"I think it's opened the communication, but I think it's important that it's not a typical situation," he said.
"But I would encourage viewers or folks that if their children are wanting to watch this series, that there be some parental supervision. And have that conversation after the series is over."
Knox County Schools did provide its suicide prevention policy, which includes an annual two hour in-service training and requires employees to speak up if they believe a student is at risk.
Warning signs from the Suicide Prevent Network: Previous attempts, verbal threats, behavior or appearance changes, and isolation
Suicide Prevention Resources
If you or someone you know needs help, please call the National Suicide Prevention Lifeline at 1-800-273-TALK (8255).
Crisis Text Line: Text TN to 741741 if you're struggling with thoughts of suicide.
Additionally, the peer recovery call center is available in East Tennessee, where those who answer the hotline are have first-hand experience in the area.
"They know exactly what a caller is going through because they've gone through it themselves," said Ben Harrington, CEO of the Mental Health Association of East Tennessee.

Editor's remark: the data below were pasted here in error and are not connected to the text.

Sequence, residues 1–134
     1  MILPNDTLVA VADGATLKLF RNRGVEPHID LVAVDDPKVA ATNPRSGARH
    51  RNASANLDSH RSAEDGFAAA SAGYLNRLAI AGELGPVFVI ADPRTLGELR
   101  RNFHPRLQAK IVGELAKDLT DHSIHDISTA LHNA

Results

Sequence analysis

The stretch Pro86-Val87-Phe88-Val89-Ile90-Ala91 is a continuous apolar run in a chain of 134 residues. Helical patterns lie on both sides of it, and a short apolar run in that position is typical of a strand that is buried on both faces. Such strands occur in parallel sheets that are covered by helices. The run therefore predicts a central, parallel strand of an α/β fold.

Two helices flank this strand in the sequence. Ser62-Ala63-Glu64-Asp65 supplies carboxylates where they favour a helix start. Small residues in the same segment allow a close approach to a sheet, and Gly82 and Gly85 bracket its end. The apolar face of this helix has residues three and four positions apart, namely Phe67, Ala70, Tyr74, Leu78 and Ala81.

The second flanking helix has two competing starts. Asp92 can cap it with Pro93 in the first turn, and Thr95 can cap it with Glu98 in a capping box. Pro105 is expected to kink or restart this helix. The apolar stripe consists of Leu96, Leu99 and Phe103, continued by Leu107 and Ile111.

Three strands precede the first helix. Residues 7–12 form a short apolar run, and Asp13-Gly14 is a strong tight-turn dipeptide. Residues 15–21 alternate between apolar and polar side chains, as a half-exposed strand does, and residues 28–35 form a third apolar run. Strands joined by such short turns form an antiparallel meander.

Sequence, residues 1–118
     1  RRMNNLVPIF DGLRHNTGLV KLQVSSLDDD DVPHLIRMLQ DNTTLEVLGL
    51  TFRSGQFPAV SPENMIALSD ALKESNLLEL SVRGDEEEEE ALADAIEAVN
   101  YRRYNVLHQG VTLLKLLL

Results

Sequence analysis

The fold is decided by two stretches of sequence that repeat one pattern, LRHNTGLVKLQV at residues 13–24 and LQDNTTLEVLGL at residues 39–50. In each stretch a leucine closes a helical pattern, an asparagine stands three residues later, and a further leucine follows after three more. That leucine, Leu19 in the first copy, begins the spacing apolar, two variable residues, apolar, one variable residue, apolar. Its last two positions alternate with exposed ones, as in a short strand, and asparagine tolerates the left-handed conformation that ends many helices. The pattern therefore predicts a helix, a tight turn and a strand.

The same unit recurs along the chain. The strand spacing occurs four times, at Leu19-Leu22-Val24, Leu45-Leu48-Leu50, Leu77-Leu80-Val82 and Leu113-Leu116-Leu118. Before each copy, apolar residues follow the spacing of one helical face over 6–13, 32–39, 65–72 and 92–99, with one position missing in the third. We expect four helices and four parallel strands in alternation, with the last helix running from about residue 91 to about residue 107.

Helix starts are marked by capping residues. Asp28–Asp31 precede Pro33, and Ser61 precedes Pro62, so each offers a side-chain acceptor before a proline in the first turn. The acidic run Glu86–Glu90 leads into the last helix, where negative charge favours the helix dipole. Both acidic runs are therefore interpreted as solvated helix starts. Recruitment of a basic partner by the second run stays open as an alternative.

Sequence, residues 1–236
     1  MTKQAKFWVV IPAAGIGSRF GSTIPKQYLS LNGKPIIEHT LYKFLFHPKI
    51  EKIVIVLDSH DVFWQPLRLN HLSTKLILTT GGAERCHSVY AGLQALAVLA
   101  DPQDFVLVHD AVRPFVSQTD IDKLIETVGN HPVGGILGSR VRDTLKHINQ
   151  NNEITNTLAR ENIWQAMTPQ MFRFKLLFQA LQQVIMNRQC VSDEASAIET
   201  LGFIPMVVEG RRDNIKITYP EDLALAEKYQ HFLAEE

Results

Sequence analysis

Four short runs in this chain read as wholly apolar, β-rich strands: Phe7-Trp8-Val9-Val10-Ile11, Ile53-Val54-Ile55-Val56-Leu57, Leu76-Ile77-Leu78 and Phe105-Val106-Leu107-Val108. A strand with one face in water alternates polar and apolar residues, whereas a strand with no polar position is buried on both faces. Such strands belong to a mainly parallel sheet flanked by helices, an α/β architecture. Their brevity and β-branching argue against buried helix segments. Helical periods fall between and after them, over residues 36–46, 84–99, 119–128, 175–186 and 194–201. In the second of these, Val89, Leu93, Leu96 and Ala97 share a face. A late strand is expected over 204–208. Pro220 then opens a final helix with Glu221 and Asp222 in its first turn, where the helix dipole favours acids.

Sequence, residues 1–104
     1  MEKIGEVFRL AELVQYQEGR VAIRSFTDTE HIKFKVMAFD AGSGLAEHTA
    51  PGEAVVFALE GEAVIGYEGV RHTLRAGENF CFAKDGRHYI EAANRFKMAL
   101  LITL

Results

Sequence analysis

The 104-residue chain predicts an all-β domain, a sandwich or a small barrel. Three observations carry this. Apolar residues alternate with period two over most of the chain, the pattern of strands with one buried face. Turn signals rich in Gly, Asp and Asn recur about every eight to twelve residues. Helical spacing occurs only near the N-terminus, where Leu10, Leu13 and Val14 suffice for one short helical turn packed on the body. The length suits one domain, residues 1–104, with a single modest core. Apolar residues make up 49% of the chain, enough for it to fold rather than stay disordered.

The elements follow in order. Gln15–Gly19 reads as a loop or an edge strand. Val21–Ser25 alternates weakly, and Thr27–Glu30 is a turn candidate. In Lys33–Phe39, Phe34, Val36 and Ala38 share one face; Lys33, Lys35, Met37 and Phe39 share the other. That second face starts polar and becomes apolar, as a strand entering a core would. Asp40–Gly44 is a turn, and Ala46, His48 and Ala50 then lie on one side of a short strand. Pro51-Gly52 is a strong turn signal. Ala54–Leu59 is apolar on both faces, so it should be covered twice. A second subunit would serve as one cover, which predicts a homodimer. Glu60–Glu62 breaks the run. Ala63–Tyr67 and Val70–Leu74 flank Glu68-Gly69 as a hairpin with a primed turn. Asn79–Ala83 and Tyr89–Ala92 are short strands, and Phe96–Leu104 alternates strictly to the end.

The center can be reached at 1-865-584-9125 between 8:30 a.m. to 5 p.m. Monday through Friday.
Lifeline Crisis Chat: Chat online with a specialist who can provide emotional support, crisis intervention, and suicide prevention services
Knox County Schools' Suicide Post-vention policy
"Immediately following a student suicide death, the school or district crisis team shall meet and develop a postvention plan. At a minimum, the postvention plan shall address the following:
1. Verification of death
2. Preparation of school and/or district response, including support services
3. Informing faculty and staff of a student death;
4. Informing students that a death has occurred;
5. Providing counselors to support students, faculty and staff at the school;
6. Providing information on the resources available to students, faculty and staff.
The crisis team shall work with teachers to identify the students most likely to be impacted by the death in
order to provide additional assistance and counseling if needed. Additionally, staff and faculty will
immediately review suicide warning signs and reporting requirements."
13 Reasons Why Talking Points
The following were developed by the group Suicide Voices Awareness of Education (SAVE) and the Jed Foundation:
- 13 Reasons Why is a fictional story based on a widely known novel and is meant to be a cautionary tale.
- You may have similar experiences and thoughts as some of the characters in 13RW. People often identify with characters they see on TV or in movies. However, it is important to remember that there are healthy ways to cope with the topics covered in 13RW and acting on suicidal thoughts is not one of them.